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How HTC Got It Right - Challenges On the Horizon

Despite this week's incredible market capitalisation, there are signs of more testing times ahead for Taiwan's golden boy.

It may have been conveniently overshadowed by Nokia's announcement to adopt Windows Phone, but at Mobile World Congress this year HTC was the only major Android handset maker not to debut a phone featuring a dual core processor. We have argued about the problem with multi-core mobiles, but the fact remains it is strange not to see HTC on the cutting edge of every technological advancement. Likewise it is late to the tablet game and - while slick - the Flyer is the only 2011 tablet shipping from a major Android partner to be released with Android 2.3. It is also single core. Will these shortcomings hurt HTC? Probably not in the short term, but they are concerning.
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Equally concerning is Google. Android may have given HTC the platform to fully express itself, but Google is known to be upset about fragmentation and is looking to put stricter controls on what handset makers can and cannot change. HTC has built a strong reputation around Sense, but Google has the power to kill it and reduce HTC to once again fighting on pure hardware terms. A battle where bigger companies like Samsung and LG would have the edge.

HTC also has to be careful about a company many describe as 'the new HTC'. Ironically ZTE is older than HTC (it was founded in 1985), but it was a big winner at Mobile World Congress in February and the Chinese company grew faster than every smartphone maker, including Apple, last year.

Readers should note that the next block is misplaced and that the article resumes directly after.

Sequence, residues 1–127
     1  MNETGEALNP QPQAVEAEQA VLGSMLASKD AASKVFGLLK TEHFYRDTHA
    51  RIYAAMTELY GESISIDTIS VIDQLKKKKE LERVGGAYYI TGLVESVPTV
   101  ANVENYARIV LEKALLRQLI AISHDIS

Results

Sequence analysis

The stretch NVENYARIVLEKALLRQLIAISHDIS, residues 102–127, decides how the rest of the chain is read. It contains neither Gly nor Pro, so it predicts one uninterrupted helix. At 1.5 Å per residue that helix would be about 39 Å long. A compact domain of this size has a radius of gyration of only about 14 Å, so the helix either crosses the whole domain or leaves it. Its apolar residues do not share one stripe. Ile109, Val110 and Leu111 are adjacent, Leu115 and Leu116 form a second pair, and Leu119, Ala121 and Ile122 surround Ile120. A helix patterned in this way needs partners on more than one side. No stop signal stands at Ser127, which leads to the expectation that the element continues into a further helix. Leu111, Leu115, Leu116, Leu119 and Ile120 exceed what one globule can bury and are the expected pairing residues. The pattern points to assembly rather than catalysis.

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Like HTC, ZTE has forged the same strong carrier links through years of handset rebranding, but it is now pushing a different angle: feature packed low cost smartphones at criminally low prices. The £90 Blade is a perfect example of this and the upcoming 4.3in Skate looks even more dangerous. With the backing of the Chinese government and an unparalleled cheap workforce no phone manufacturer is safe.

Last year we asked What's Going Wrong At Nokia? and earlier this week we posed Is RIM the Next Nokia? Both companies had once enjoyed stunning success. Right now though the plaudits belong to HTC. It is feted by journalists, carriers and consumers alike and this praise is well earned. But technology never stops moving and the challenges never stop coming. The story of HTC has been remarkable, but it has a long way to go. We'll conclude this is 'How HTC Got It Right... so far'.

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